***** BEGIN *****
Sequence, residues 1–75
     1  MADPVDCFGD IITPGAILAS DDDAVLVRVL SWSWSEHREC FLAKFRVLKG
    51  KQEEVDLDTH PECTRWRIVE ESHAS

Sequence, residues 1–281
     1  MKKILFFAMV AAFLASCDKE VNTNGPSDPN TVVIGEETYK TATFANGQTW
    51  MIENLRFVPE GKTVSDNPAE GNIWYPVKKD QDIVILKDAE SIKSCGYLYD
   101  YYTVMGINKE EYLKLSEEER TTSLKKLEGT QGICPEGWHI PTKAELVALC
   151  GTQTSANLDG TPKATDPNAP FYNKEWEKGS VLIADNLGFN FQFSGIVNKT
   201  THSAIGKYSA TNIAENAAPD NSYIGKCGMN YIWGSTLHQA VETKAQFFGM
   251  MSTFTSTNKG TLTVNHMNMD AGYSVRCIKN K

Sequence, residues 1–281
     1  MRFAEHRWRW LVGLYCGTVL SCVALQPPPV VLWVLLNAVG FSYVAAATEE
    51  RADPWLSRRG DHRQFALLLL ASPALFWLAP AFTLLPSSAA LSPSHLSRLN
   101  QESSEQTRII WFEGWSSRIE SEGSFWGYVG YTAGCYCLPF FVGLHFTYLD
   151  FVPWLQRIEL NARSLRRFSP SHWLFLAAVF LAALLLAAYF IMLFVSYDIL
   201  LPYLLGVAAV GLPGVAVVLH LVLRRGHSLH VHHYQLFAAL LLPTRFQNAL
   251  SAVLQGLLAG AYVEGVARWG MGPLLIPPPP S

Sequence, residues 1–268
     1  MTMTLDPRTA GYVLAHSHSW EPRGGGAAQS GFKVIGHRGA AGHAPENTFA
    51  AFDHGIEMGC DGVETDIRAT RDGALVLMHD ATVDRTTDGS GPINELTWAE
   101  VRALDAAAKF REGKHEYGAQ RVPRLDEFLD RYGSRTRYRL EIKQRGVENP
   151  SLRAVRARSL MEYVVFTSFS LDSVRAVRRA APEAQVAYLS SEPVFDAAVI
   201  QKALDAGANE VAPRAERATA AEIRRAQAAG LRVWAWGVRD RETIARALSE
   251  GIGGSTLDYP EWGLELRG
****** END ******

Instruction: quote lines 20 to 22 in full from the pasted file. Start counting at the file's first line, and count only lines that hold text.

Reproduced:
    51  AFDHGIEMGC DGVETDIRAT RDGALVLMHD ATVDRTTDGS GPINELTWAE
   101  VRALDAAAKF REGKHEYGAQ RVPRLDEFLD RYGSRTRYRL EIKQRGVENP
   151  SLRAVRARSL MEYVVFTSFS LDSVRAVRRA APEAQVAYLS SEPVFDAAVI